Former School Transforming Into Sustainable Living Haven


From education to the environment, this Wantirna site has a valuable history and a vibrant future.

The former home of the Wantirna Heights School in Melbourne’s east is set for a revamp as a sustainable living community of 51 new homes.

Kingloch Parade Wantirna will feature a mix of 11 houses, 19 townhouses and 21 terraces, with the site’s heritage and local architecture a key influence on the design, says Krisi Patras, assistant development manager at Oz Property Group.

“The site is a jewel amongst the community and there is pride and reflection on its history,” Patras says.

“We want to make sure that we do something that the community is proud of.

“We’re trying to set a precedent for the area, by making sure that sustainability and the needs of the community are integrated into design from the early stages.”

Old-school sentiment

For many years, the Wantirna Heights School was an important hub of the community. Landscape architect Watkin McLennan of REALM Studios says old signs from the school are incorporated into the design, while time capsules will be built into the pocket park and playground.

Kingloch Parade pays homage to the site’s past while building sustainable homes for the future.


“The design of the community hub has harnessed the spirit of the school kid with playful features like a backyard cricket pitch, basketball hoop and nature play zone,” McLennan says.

Looking back even further, McLennan says the landscaping will also draw on the site’s roots as the land of the Wurundjeri and Bunurong people of the Kulin Nation.

“Wantirna means gurgling stream in Woiwurrung language,” he says. “An appreciation for this and the deep history of the place has influenced the site layout and drainage infrastructure.”

This idea will be best seen in the “blue-green spine” – a creek that will run through the centre of the community. It will be lined with diverse native planting, leading towards a trio of long-standing blue gum trees that will provide shade over community BBQs, playgrounds and seating areas.

Mid-century style

Further inspiration for Kingloch Parade has come from Wantirna’s mid-century-style homes, which were largely built during a rapid expansion of Melbourne in the 1960s and 70s.

Patras says Oz Property Group consulted with locals who said they wanted the development to fit in with this look.

“People really didn’t want to see masses of the same building — they wanted to feel like it fits into the wider context of the area,” she says.

Designed by DKO Architecture, the homes will draw on the mid-century’s predominant use of brick, natural light and landscape. A variety of floor plans and rooflines is designed to cater for different purchaser needs, now and in the future .

“There’s a lot of qualities in mid-century architecture that people keep coming back to. There is an appreciation of design aesthetic and function,” Patras says.

Sustainable future

While history is important to the development, future sustainability is also front of mind. Every home will fossil fuel free featuring optimised façades and glazing, for effective heating and cooling, natural ventilation as well as individual solar panels for green energy.

Sustainability will be central to Kingloch Parade, with the developers aiming to meet a 7-star NatHERS rating and Built Environment Sustainability Scorecard (BESS) excellence.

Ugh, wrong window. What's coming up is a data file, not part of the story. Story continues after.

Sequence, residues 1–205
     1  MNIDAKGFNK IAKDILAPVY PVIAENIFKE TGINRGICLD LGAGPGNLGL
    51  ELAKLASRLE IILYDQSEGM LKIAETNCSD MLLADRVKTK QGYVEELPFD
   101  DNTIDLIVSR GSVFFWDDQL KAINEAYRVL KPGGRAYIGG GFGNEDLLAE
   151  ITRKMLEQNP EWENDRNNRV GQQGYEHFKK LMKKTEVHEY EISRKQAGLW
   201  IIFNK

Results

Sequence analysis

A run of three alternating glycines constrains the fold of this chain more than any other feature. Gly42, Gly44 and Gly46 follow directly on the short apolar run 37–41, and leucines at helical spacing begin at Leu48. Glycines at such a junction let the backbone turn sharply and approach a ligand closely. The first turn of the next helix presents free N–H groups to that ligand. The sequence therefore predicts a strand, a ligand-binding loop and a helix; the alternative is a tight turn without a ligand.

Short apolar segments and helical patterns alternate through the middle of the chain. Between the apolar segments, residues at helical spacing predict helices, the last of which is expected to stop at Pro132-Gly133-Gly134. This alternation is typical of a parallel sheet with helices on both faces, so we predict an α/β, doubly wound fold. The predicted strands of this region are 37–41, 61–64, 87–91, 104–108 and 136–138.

“People can up size their solar systems with batteries and put in infrastructure for electric vehicle charging,” Patras says. “It gives the purchaser a lot of control of their own sustainability measures.”

Water recycling will be made easy thanks to a series of ‘swales’ that runs beneath the development, designed for catching rainwater runoff. The water can then be used for the trees and communal veggie garden, which features smart waste collection and composting.

“Our internal roads will be designed as shared paths to encourage a sense of play with in the neighbourhood,” Patras says.

Something for everyone

Anne Flaherty, economist at realestate.com.au, says Kingloch Parade’s mix of housing types and heritage will appeal to various buyers from first home buyers to families and local downsizers.

“Wantirna has lots of green spaces, there are schools in the area and transport is well serviced. Box Hill is nearby which is a major commercial hub and Westfield Knox is really close,” she says.

Flaherty says Wantirna house prices have risen throughout the COVID-19 pandemic, with a median sale price of $1,001,500 in the year to the end of June 2021, up 10.05% on the previous year.

But buyer interest continues to soar.

“Wantirna had a 61.75% increase in views-per-listing (on realestate.com.au) in the six months to the end of June 2021, versus the prior six months,” she says.

Flaherty expects the sustainability focus of Kingloch Parade will add to the appeal, particularly as the REA Energy Efficiency Housing Report of June 2021 found that nearly 80% of buyers consider energy efficiency to be extremely important or important in a new home.

The research shows buyers are particularly keen on solar power, energy efficient lighting, air flow and insulation – meaning Kingloch Parade will tick a lot of boxes for sustainability-minded buyers.

“Our research also shows that for 84% of people, the number one reason they care about energy efficiency is to reduce their energy bills,” Flaherty says. “But other key reasons are doing good for the environment, being environmentally conscious and reducing carbon emissions.”

Pictures are courtesy of Oz Property Group.

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